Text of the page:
A technique is presented for estimating the average power output of a wind turbine using, as the wind characteristic input, only the mean annual wind magnitude. Hourly wind speeds are assumed to have a Rayleigh frequency distribution which requires a single parameter input (e.g., the mean value, variance or higher moment values). Based upon a general shape, for the wind speed versus machine output, a generic set of curves is developed to estimate the average power output of wind turbines. Also, estimates of the percent of time the wind turbine would not produce power (percent down time) and the percent of time the wind turbine would be operating at its rated power are presented.
The study described herein is a continuation of the Giromill investigation in which a wind tunnel test of a model Giromill rotor was performed. The primary objective of the wind tunnel test was to obtain data for comparison with the Larsen cyclogiro vortex theory program employed for predicting the Giromill performance. The model had a rotor diameter of 7 ft. (2.13 meters) and a solidity (total blade area divided by rotor span times diameter) of 0.3. This was achieved by a three bladed rotor having blade chords of 8.4 in. (21.3 cm) and a span of 5 ft. (1.52 meters). The blades were modulated by use of replaceable cams, that simulated the various operating conditions, and a push rod arrangement connected to a bellcrank about the blade pivot point. Rotor RPM control was achieved with an electric motor/generator that could be used to either drive the rotor or absorb the rotor power to maintain RPM.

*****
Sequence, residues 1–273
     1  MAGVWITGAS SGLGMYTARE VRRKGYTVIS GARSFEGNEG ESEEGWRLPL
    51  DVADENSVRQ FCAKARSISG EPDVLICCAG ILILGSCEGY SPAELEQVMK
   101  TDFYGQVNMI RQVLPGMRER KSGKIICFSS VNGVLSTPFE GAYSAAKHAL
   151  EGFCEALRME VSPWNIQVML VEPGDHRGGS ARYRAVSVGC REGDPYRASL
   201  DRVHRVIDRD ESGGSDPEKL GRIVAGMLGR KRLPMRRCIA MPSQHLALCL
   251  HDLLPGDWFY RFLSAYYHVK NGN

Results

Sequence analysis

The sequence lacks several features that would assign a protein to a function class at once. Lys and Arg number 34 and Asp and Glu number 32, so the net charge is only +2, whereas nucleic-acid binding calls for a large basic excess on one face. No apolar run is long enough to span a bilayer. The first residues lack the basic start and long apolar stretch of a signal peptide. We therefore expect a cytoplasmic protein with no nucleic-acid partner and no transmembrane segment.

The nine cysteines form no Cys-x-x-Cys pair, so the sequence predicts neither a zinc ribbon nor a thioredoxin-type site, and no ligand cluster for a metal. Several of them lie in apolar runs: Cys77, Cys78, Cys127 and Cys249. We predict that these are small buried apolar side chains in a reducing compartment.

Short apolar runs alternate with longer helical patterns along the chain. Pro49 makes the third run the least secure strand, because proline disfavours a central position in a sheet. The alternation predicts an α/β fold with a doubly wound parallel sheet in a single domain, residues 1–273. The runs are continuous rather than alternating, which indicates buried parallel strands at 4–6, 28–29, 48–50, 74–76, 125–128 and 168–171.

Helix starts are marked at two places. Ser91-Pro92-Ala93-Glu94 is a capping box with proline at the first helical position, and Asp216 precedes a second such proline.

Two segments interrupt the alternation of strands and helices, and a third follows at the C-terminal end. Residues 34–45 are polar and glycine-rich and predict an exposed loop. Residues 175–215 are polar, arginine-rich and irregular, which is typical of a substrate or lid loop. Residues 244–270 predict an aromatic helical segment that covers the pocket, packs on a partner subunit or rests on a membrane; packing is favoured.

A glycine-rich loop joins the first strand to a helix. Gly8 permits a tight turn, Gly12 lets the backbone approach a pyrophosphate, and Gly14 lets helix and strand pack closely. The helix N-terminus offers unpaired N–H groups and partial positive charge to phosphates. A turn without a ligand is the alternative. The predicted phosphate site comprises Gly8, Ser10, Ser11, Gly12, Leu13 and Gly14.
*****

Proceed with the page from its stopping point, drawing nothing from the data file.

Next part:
A wind tunnel test of a Giromill rotor was conducted. The objective of this test was to substantiate the performance computed by the Larsen cyclogiro vortex theory. Additional objectives were to obtain performance comparison data between the Giromill, a sinusoidal blade modulation Giromill, a Darrieus rotor, and a modified Darrieus rotor that flips the blades a few degrees. A three bladed Giromill rotor having a diameter of 2.13 m (7 ft) and a span of 1.52 m (5 ft) was tested in the McDonnell Aircraft Company 15 x 20 ft Mini Speed Wind Tunnel. The blade modulations were accomplished through use of a cam and push rod arrangement. Replaceable cams provided the desired blade modulation at the various operating points. Various operating conditions were achieved by adjusting the rotor RPM and tunnel speed. The results show that the Giromill has good performance, equal to or much better than that predicted by theory, and outperforms the other types of vertical axis wind turbines tested.